Of course, no one can be completely and truly prepared for parenting. Although, I recognize how easier life would have been if I would have not experienced an unplanned pregnancy. If I had planned my life out according to my goals and dreams, my children would have had a higher quality of life especially in their earliest years. That still doesn’t mean they cannot have a great life. I strive to provide that for them every single day. If I had to narrow down three pieces advice for parenting an unplanned child, they would be this:

  1. Be joyful. Instead of feeling so ashamed, embarrassed, and guilty. Feel honored, privileged, and inspired to be doing the best job available on this earth.
  2. Surround yourself with support and feel confident in your motherhood.
  3. Take care of yourself and love yourself. It will help with loving your child.

Adoption

Another choice for an unplanned pregnancy is to place your baby for adoption. Some people may feel like they could never make this unique decision. I actually used to be one of them. When I got pregnant as a teenager, I knew there was absolutely no way that I could allow someone else to raise my baby. Five years later, I found myself pregnant unexpectedly again while raising two precious children all on my own.

My faith led me to and through my decision to place my baby for adoption and it’s been a decision that I have never regretted. It was a hard decision, but it was the best decision that I could have made for everyone involved. I learned how to be absolutely selfless, which was something I needed to learn. I finally and truly understood how blessed I was to be a mother, and it affected my mothering skills tremendously. I watched a couple’s dreams come true through the gift of a child, and it’s hard to explain how amazing it feels to have been a part of that. I’ve gotten to know my birth son through his parents. We keep in touch, they share pictures with me, and have become my friends. They tell their son his adoption story and make sure he knows it was a decision made out of love. I couldn’t have picked a better family for the child that was growing inside me. If you’d like to know more about how I coped after placing my child for adoption, I include further details of that here in this article.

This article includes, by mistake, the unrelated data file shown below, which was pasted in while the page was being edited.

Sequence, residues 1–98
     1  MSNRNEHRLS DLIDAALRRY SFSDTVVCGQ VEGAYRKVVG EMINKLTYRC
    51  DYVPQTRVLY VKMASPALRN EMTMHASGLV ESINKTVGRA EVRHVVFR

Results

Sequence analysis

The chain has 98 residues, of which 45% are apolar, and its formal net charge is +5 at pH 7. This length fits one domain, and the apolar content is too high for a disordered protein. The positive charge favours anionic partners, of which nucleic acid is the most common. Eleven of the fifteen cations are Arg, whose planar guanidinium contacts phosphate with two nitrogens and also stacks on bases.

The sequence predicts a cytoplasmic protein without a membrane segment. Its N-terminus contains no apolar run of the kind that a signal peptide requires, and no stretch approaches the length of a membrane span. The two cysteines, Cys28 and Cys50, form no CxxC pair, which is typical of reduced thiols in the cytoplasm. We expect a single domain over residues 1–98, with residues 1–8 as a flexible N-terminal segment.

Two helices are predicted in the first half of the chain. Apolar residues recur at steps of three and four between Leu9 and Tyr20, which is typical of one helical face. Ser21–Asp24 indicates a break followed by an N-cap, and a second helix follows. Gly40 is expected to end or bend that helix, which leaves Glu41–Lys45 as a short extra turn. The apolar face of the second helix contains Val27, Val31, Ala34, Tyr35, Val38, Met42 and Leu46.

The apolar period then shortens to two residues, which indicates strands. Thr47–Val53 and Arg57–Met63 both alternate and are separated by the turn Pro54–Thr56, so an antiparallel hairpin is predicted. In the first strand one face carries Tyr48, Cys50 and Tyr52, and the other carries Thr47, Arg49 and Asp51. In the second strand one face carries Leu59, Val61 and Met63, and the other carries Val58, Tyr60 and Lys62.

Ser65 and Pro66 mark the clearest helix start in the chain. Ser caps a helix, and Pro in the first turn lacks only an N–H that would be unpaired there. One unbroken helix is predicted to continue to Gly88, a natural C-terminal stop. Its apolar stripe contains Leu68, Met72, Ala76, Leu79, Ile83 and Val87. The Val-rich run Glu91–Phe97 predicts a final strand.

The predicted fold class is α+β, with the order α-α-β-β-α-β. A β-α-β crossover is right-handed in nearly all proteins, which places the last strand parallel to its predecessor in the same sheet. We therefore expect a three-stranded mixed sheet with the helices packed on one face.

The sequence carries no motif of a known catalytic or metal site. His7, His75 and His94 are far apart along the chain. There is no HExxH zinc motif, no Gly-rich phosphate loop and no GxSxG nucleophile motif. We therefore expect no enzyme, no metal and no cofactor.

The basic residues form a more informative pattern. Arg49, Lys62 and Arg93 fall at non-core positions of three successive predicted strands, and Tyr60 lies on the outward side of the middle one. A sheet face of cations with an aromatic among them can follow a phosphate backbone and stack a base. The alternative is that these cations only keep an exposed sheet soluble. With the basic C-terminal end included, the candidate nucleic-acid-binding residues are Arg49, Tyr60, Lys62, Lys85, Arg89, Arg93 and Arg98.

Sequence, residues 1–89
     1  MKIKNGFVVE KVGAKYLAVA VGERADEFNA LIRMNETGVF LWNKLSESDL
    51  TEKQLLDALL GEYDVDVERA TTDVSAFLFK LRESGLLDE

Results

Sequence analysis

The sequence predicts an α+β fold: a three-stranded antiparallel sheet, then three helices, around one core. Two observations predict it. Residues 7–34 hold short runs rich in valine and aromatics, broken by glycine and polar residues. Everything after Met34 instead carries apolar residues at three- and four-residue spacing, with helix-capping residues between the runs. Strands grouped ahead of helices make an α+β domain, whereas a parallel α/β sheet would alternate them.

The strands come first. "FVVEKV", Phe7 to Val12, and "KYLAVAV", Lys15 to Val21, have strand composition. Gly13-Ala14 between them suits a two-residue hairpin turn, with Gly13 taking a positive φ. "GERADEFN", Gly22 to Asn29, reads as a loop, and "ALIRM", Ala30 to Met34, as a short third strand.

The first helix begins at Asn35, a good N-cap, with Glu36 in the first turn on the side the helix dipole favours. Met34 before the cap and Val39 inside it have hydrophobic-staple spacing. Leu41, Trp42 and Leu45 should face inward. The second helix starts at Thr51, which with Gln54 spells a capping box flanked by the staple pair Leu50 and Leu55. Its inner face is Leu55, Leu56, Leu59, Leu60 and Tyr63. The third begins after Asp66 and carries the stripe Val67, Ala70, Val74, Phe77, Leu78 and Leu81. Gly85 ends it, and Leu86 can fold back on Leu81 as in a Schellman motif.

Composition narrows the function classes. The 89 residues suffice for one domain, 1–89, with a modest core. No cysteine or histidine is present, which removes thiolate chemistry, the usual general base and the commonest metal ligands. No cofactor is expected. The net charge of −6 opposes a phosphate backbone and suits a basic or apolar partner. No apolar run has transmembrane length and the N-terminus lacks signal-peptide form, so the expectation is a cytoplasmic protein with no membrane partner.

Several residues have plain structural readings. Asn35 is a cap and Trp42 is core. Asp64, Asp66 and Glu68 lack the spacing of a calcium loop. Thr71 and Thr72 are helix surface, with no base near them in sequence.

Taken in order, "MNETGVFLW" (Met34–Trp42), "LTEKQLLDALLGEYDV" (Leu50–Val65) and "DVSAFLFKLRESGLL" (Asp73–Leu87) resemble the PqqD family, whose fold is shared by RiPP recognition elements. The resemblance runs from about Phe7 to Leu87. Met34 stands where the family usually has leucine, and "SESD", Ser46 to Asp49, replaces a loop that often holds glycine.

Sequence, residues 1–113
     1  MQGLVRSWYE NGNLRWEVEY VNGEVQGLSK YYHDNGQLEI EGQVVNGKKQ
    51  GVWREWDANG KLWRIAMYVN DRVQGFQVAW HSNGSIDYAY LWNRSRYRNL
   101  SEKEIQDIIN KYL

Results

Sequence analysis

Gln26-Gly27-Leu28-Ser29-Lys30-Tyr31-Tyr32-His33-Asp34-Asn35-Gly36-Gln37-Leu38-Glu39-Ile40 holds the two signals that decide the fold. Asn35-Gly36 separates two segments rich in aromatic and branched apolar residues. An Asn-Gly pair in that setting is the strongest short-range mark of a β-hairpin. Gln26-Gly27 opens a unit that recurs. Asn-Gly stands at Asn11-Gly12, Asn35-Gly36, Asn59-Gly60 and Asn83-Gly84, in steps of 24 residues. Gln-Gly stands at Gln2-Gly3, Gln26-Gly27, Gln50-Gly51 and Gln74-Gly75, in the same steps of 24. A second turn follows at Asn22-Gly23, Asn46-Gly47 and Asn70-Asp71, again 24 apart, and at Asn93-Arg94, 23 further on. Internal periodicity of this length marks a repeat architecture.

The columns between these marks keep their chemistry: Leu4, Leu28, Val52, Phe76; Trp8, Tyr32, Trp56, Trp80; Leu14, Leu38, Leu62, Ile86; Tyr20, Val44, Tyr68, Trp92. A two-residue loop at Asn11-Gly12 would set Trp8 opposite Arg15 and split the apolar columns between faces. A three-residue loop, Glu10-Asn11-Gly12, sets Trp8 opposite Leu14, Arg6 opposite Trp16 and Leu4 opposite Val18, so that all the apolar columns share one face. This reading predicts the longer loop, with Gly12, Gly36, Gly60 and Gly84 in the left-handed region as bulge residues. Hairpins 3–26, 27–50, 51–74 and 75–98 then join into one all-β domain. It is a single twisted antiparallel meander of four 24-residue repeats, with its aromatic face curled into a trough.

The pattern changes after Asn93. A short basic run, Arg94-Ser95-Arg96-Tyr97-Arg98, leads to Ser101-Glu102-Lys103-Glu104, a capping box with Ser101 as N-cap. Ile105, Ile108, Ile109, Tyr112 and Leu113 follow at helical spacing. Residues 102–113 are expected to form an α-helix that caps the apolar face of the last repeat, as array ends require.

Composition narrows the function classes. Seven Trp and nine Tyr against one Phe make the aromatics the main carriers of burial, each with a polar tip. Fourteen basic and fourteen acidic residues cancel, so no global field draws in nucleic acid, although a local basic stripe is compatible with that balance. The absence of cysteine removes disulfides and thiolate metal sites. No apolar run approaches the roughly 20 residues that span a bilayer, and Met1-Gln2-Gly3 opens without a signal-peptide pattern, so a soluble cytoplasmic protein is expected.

If there were three pieces of advice I could give you about this decision, it would be these:

  1. Placing your baby for adoption is absolutely an amazing decision made out of love and strength.
  2. Helping someone else grow their family has been such a blessing to my life.
  3. I once felt placing my baby for adoption would be impossible, but I definitely learned that all things are possible.

Abortion

Abortion can be an awkward topic to discuss, especially right now with all the controversy surrounding it. Abortion has been a legalized option for unplanned pregnancies in this country since 1973. A friend of mine, who prefers to remain anonymous, experienced an unplanned pregnancy and felt like she had no other option than to abort the baby.